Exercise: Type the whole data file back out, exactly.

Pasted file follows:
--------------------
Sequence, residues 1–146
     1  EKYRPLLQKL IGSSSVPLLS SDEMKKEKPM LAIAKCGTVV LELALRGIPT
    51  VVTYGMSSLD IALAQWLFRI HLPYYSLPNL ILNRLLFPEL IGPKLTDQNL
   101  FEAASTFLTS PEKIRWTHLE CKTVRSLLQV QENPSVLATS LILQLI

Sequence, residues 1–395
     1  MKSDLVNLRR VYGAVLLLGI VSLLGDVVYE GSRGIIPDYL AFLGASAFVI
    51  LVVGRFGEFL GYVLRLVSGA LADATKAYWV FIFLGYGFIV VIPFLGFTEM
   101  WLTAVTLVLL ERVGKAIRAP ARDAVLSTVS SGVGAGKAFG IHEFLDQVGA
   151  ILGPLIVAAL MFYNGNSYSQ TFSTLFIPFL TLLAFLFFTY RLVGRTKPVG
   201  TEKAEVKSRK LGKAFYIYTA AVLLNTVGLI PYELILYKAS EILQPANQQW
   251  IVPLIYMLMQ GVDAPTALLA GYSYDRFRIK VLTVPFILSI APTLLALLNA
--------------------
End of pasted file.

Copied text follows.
Sequence, residues 1–146
     1  EKYRPLLQKL IGSSSVPLLS SDEMKKEKPM LAIAKCGTVV LELALRGIPT
    51  VVTYGMSSLD IALAQWLFRI HLPYYSLPNL ILNRLLFPEL IGPKLTDQNL
   101  FEAASTFLTS PEKIRWTHLE CKTVRSLLQV QENPSVLATS LILQLI

Sequence, residues 1–395
     1  MKSDLVNLRR VYGAVLLLGI VSLLGDVVYE GSRGIIPDYL AFLGASAFVI
    51  LVVGRFGEFL GYVLRLVSGA LADATKAYWV FIFLGYGFIV VIPFLGFTEM
   101  WLTAVTLVLL ERVGKAIRAP ARDAVLSTVS SGVGAGKAFG IHEFLDQVGA
   151  ILGPLIVAAL MFYNGNSYSQ TFSTLFIPFL TLLAFLFFTY RLVGRTKPVG
   201  TEKAEVKSRK LGKAFYIYTA AVLLNTVGLI PYELILYKAS EILQPANQQW
   251  IVPLIYMLMQ GVDAPTALLA GYSYDRFRIK VLTVPFILSI APTLLALLNA